Julia is the daughter of Barbaraexpat. She is currently volunteering in Chios, supporting young people in the Vial refugee camp. This is her touching testimonial.
When I was 11 years old, my friend and I had an idea for our primary school musical. We wrote a script about two girls, Nuria and Zenab, their escape from war torn Iraq and their journey to Australia. We even wrote a song in which Nuria and Zenab sing about their desire to remain at home and not embark on the dangerous journey:
“How we wish we could just stay there, in the place we love the best. How we wish we could just stay there and just forget the rest.”
My mum volunteered for an organisation in Melbourne, teaching English to refugees and I would join her on occasion. These visits inspired my idea for the school musical. I met young people just like me but with life experiences so vastly different from mine. Having lived my entire life in one of the most liveable cities, war and conflict were a completely foreign concept to me.
I graduated from university at the end of 2018, and finding myself a bit lost (like the majority of arts graduates), I decided to try and gain some life experience through volunteering. In September last year I moved to the Greek Island of Chios to work for a grassroots NGO Action for Education. AfE provides non-formal education and a safe space for young people between the ages of 14-22 living in Chios’s notorious Vial Refugee Camp. In the four months since my arrival, the camp has doubled in population, from approximately 3000 to 6000 people.
I arrived in Chios after a month of travelling through Europe with my boyfriend and our friends. It’s no surprise I felt as though I had been catapulted out of my comfort zone. After a few weeks of feeling completely out of my league, I began to relax and feel more comfortable in my role.
Volunteers live in a townhouse with two bedrooms. There are usually up to 13 of us living in this space. We are each other’s housemates, colleagues, social group and support network. Many might call this a disaster waiting to happen. Of course there are times when tensions run high and you wish you could take a phone call inside without the whole household listening in, or that you could close the door and have a room to yourself. But for the most part it works. I think it’s because everyone in the house is dedicated to a common cause: providing a safe space where young people can have a break from the reality of life in Vial.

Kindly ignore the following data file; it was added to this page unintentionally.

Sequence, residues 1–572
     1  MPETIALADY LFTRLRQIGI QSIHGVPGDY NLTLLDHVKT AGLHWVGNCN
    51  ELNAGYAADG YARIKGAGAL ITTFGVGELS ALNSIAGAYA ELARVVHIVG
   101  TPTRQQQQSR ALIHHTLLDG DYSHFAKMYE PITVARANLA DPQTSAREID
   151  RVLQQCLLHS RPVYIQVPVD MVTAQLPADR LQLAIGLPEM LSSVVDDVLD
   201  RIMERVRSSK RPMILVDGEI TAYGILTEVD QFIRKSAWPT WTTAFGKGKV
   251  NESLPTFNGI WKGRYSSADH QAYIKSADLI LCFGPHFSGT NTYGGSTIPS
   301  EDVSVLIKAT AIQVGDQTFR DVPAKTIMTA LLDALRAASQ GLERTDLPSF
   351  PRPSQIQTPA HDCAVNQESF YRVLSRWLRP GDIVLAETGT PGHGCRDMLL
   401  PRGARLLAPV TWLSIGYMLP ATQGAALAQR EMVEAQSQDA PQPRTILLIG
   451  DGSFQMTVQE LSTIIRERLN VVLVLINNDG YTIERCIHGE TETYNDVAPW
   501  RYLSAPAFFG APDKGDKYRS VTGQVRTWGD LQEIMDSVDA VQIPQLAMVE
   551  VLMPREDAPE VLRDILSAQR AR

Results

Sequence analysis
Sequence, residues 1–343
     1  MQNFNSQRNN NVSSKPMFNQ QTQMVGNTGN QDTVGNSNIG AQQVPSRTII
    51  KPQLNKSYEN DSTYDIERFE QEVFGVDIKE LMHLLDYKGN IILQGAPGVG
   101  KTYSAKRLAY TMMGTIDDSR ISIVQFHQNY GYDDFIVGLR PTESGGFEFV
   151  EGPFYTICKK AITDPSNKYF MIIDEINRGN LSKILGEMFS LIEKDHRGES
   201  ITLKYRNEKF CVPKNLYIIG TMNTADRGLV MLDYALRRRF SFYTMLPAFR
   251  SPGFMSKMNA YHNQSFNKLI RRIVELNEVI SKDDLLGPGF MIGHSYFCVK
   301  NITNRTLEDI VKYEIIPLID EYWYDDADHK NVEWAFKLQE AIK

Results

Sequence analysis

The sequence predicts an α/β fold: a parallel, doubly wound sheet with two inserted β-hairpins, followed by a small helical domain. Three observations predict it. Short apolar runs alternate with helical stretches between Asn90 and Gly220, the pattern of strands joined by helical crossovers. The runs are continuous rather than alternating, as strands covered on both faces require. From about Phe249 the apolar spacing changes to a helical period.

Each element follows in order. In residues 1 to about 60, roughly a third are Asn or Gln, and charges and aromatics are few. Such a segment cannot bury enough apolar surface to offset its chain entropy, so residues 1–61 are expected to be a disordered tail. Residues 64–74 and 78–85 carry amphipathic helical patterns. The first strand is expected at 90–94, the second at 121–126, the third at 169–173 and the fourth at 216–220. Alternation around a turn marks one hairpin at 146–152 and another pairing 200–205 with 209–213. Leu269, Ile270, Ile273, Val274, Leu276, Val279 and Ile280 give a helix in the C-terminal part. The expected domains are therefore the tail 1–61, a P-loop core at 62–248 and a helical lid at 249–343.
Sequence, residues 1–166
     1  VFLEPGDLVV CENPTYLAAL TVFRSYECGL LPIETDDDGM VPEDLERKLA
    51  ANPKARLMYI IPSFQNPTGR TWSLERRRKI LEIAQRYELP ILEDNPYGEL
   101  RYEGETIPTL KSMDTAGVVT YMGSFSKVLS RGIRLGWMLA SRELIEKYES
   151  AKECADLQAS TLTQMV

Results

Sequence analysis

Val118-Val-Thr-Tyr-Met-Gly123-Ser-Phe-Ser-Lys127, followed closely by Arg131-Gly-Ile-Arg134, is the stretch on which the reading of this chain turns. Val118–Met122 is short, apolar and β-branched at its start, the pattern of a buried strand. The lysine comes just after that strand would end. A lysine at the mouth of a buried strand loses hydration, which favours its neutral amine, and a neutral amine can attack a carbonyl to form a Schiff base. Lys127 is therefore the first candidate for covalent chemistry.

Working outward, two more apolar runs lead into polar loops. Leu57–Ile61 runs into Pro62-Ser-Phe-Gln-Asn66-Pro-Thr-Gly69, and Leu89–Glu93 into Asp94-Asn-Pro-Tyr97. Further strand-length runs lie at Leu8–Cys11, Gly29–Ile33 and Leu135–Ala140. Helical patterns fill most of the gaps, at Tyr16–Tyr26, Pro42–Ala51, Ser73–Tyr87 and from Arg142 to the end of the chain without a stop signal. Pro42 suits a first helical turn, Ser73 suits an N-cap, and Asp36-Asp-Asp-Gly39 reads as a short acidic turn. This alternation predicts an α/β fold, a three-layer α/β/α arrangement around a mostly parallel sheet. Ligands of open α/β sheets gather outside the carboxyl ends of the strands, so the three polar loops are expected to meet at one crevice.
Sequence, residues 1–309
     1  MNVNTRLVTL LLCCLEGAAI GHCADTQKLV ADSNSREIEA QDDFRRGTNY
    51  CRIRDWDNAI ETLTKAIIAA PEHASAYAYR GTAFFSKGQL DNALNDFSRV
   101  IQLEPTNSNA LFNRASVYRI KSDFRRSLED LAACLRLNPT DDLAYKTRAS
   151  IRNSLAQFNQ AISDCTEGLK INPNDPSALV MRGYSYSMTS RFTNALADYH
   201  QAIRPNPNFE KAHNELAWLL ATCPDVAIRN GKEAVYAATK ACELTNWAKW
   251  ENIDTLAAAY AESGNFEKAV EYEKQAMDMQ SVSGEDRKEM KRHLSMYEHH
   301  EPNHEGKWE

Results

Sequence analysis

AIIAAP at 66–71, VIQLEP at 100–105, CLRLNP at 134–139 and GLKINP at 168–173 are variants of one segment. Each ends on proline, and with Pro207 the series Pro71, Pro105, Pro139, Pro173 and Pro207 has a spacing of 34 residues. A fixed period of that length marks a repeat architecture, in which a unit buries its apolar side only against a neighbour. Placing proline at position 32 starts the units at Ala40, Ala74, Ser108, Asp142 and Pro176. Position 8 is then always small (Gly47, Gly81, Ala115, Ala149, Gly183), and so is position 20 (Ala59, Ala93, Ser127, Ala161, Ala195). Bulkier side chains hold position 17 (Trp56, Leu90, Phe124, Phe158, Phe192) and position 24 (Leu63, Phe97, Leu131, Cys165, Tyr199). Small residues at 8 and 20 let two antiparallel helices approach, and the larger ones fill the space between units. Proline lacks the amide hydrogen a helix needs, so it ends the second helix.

Surprisingly what I find the most challenging is not the lack of personal space, or the fact that we work 6 days a week. My biggest challenge is dealing with feelings of hopelessness at the huge extent of the crisis, and guilt about my own privileged position.
I have always been so proud of the fact that I have two passports, allowing me to travel freely in many different countries. In Chios, I struggle with the idea that I have two passports when I know so many people who have none.
When it rains, it is hard not to feel guilty about the fact that we have a warm, safe place to spend the night. The torrential rains that often occur during winter, send all our thoughts to Vial. To the thousands of people whose tents are about to flood and who won’t be able to dry their clothes for days. To those who don’t even have a tent and who are sleeping under a bush. We’re all painfully aware of the fact that there are boats arriving almost everyday and that the number of young people without access to any services continues to grow. It’s easy to feel like the smallest, most insignificant drop in the ocean.
One Sunday, we decided to make the most of our day off. We hired bicycles and rode along the coast to a small beach town. It was a beautiful day; the sun shone brightly and the sea stretched out before us as we cycled along the windy road. It was hard not to feel happy. We stopped at a restaurant for lunch. It was full of Greek families out for Sunday lunch. We sat down and ordered food. That’s when one of us said, “I’m so grateful that we are able to sit here together and eat lovely food and ride our bicycles”.
At that moment the importance of feeling grateful and not guilty clicked for me. I am a young person lucky enough to be born in the right place at the right time. Although this privilege is something that I have always been aware of, I have paid little attention to over the years. I think it’s because I have always been surrounded by people as privileged as myself. Being in Chios put me face to face with a different reality. Things I’ve always taken for granted, made me feel overcome by guilt. For the first time, there were people who I cared about who hardly had access to basic human rights. What I came to realise is that there is a great difference between reading or hearing about the asylum seeker experience, and seeing the devastating reality firsthand.
Grateful for the fact that I have a safe place to go, which allows me to be well rested and do my work. Because if my luck turned, and I found myself without these privileges, I am certain that someone would take that role and help me.
What I realised that Sunday is that guilt can be transformed into gratitude. It is something I am yet to master, but as I head back to Chios now after a few weeks break in Italy, I will make a conscious effort to feel grateful. Grateful for the fact that I have two passports, which have allowed me to travel to Greece without any visa restrictions. Grateful for the fact that I have a safe place to go, which allows me to be well rested and do my work. Because if my luck turned, and I found myself without these privileges, I am certain that someone would take that role and help me. And for that I would be grateful.